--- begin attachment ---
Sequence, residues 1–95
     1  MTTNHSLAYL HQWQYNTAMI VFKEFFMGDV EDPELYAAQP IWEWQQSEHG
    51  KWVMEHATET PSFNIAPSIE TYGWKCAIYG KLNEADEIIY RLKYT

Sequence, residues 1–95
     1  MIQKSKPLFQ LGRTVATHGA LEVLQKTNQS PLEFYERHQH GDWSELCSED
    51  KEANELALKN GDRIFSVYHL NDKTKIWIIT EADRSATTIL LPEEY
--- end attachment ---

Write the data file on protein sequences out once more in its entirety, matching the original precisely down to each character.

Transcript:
Sequence, residues 1–95
     1  MTTNHSLAYL HQWQYNTAMI VFKEFFMGDV EDPELYAAQP IWEWQQSEHG
    51  KWVMEHATET PSFNIAPSIE TYGWKCAIYG KLNEADEIIY RLKYT

Sequence, residues 1–95
     1  MIQKSKPLFQ LGRTVATHGA LEVLQKTNQS PLEFYERHQH GDWSELCSED
    51  KEANELALKN GDRIFSVYHL NDKTKIWIIT EADRSATTIL LPEEY